Edinburgh International Film Festival: Ten Films to Seek Out
Our film editor picks out ten under-the-radar films to catch at this year's Edinburgh International Film Festival
Opening a newly printed brochure for the Edinburgh International Film Festival can be daunting. While some of the films in the selection are arriving in the Scottish capital coated in a sheen of acclaim they've garnered at other film festivals, many others are making their bow.
It's this stepping into the unknown that makes festivals like EIFF so special. We've no clue what to expect from world premieres like Emily Harris's gothic drama Carmilla, Greta Bellamacina's black and white comedy Hurt by Paradise or Rowan Athale's noir thriller Strange But True, but we can't wait to dive in and find out. The same goes for David McLean's autobiographical Schemers or the two new films from prolific EIFF favourite Jamie Adams – Bittersweet Symphony and Balance, Not Symmetry.
Alongside these titles are plenty of known quantities, like the latest films from Joanna Hogg (The Souvenir), Nick Broomfield (Marianne & Leonard: Words of Love) and Jim Jarmusch (The Dead Don't Die), as well as the final film from the late, great Agnès Varda (Varda by Agnès). We can also vouch for the opening gala, Ninian Doff's stylish and fun debut Boyz in the Wood, which is set to kick the festival off in riotous fashion.
But there are sure to be other gems buried in among these headline acts, and, of course, to find those gems means doing a little digging. To help you on your way, here are ten places to start.
Dir. Mark Jenkin
All is not well in the Cornish fishing village at the heart of Mark Jenkin's extraordinary Bait. The impoverished indigenous fishing community are being unceremoniously pushed out by the well-heeled London types who holiday there, all the while Nigel Farage's voice wafts on the radio. This barbed class comedy about modern Britain takes on an uncanny feeling thanks to its striking form: shot on grainy black-and-white 16mm using old-school film grammar, it looks like it could be a found object from the silent era. 21 & 23 Jun, tickets here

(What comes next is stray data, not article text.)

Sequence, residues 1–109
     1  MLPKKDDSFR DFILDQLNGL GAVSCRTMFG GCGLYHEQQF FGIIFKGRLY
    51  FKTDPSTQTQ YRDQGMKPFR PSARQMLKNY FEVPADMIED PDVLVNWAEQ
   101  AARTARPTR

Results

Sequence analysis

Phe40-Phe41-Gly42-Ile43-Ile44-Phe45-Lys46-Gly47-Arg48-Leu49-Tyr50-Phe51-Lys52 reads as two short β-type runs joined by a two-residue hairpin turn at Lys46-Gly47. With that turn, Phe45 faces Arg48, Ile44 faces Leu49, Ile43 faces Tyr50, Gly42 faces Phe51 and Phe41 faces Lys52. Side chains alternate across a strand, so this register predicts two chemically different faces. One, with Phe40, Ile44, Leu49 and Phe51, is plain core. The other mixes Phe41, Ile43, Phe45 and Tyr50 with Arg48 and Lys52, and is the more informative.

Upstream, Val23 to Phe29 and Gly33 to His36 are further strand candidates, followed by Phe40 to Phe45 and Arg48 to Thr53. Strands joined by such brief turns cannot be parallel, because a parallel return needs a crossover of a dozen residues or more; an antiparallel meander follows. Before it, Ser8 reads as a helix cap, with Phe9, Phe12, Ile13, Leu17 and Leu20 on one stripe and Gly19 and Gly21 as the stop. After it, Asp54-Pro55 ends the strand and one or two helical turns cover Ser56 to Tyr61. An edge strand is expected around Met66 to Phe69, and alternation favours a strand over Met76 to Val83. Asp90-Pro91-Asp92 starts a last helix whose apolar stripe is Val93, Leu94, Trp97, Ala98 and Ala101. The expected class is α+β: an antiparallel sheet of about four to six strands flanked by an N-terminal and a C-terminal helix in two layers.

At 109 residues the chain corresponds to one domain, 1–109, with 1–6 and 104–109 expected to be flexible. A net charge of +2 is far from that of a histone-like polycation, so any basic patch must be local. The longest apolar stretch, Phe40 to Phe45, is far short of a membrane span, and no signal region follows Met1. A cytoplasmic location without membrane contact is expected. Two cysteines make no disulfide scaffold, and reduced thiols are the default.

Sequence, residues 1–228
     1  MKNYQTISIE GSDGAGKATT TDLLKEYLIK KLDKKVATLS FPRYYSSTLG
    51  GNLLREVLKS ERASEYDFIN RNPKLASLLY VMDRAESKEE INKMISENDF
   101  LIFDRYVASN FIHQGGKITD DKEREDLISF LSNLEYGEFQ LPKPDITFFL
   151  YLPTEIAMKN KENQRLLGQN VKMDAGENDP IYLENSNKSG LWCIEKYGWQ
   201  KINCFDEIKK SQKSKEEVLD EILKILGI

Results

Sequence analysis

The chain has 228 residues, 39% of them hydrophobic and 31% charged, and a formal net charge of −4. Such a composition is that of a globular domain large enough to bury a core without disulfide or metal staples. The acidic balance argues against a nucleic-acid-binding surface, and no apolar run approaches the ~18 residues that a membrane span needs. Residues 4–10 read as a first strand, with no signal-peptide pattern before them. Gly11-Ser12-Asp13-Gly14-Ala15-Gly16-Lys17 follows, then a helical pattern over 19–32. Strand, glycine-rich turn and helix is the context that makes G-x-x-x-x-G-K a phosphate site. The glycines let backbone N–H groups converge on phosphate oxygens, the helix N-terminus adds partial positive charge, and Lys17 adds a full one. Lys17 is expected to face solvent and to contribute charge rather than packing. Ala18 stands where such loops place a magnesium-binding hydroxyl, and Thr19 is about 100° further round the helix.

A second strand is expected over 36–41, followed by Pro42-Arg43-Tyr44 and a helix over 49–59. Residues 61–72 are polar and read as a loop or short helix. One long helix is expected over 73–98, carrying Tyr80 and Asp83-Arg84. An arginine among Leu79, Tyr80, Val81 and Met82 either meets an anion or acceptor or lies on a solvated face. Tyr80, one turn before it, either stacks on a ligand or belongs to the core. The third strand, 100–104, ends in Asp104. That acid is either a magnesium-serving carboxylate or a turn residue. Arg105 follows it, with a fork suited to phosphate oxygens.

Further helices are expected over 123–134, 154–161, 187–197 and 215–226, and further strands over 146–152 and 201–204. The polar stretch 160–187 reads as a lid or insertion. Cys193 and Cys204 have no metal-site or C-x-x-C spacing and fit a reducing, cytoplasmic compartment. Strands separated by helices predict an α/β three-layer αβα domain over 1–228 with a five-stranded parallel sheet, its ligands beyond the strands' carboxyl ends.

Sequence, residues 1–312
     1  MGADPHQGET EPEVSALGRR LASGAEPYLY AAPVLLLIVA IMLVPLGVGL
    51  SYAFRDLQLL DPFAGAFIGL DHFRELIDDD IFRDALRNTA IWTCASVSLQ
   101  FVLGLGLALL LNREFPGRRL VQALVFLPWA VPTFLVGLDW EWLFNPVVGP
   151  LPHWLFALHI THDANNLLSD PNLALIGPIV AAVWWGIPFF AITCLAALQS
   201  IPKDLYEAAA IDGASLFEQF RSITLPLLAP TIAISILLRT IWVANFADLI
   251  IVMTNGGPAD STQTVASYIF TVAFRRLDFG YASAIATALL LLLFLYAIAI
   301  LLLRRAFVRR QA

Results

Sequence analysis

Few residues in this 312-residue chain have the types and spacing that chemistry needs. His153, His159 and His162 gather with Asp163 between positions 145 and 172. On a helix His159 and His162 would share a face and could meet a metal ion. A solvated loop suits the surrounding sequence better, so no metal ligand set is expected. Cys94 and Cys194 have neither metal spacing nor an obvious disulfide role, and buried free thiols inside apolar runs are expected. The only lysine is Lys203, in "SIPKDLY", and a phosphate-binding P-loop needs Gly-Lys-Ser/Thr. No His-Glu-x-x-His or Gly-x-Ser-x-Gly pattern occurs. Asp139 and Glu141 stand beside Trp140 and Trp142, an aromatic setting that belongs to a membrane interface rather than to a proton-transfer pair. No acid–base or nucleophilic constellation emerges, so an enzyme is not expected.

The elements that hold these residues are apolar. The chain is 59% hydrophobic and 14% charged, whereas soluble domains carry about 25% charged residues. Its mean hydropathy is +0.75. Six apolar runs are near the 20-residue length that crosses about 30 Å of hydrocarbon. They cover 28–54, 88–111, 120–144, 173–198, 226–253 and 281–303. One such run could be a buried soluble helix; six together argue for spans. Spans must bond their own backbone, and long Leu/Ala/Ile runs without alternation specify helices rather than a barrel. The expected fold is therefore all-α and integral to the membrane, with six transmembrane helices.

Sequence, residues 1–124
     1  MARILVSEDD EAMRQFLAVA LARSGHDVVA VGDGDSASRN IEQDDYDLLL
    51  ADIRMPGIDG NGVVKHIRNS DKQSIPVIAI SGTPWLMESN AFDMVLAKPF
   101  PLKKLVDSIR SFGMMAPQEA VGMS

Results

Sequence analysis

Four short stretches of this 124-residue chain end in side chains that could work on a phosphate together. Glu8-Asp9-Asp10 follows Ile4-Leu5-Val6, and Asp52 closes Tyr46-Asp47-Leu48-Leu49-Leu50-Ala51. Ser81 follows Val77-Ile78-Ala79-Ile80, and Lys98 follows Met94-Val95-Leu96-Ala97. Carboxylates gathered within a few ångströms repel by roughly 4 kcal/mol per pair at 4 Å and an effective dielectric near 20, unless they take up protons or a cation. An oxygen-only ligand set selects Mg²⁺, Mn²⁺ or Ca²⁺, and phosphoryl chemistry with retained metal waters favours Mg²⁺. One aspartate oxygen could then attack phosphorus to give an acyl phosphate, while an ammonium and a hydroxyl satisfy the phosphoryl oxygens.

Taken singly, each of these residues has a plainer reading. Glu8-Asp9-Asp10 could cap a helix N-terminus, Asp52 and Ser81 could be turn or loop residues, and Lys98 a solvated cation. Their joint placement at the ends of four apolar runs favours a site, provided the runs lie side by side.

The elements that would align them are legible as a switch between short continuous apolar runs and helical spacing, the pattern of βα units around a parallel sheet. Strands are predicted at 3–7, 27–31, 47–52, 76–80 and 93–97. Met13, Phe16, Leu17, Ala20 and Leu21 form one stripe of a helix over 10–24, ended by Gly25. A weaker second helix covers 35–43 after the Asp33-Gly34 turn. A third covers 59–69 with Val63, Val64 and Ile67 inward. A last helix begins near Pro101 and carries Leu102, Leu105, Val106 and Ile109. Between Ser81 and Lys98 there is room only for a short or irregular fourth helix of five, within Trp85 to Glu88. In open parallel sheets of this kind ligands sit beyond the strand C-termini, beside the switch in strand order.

2. Scheme Birds
Dirs. Ellen Fiske, Ellinor Hallin
This slice of life documentary follows the many hardships encountered by teenager Gemma, who's trying to make a life for herself in an impoverished corner of Motherwell. Ellen Fiske and Ellinor Hallin's film is reportedly a sensitive and lyrical portrait well deserving of its best documentary prize at this year's Tribeca Film Festival. 24 & 26 Jun, tickets here
3. So Pretty
Dir. Jessie Jeffrey Dunn Rovinelli
So Pretty, the sophomore feature from Jessie Jeffrey Dunn Rovinelli, also looks like a must-see. Shot on 16mm, it follows the romantic imbroglios and political debates of a tight-knit group of trans and genderqueer friends living in Brooklyn. Rovinelli based the film on a cult German novel set in 80s Berlin, but word is So Pretty eloquently speaks to the LGBTQ+ community of today. 20 & 23 Jun, tickets here
4. Manta Ray
Dir. Phuttiphong Aroonpheng
A fisherman strikes up a friendship with a refugee he finds close to death in a Thai swamp in this gorgeous-looking tropical drama. Manta Ray is the first feature from celebrated Thai cinematographer Phuttiphong Aroonpheng (Vanishing Point, The Island Funeral), and word is this debut marks him out as an exciting new directing talent. 23 & 29 Jun, tickets here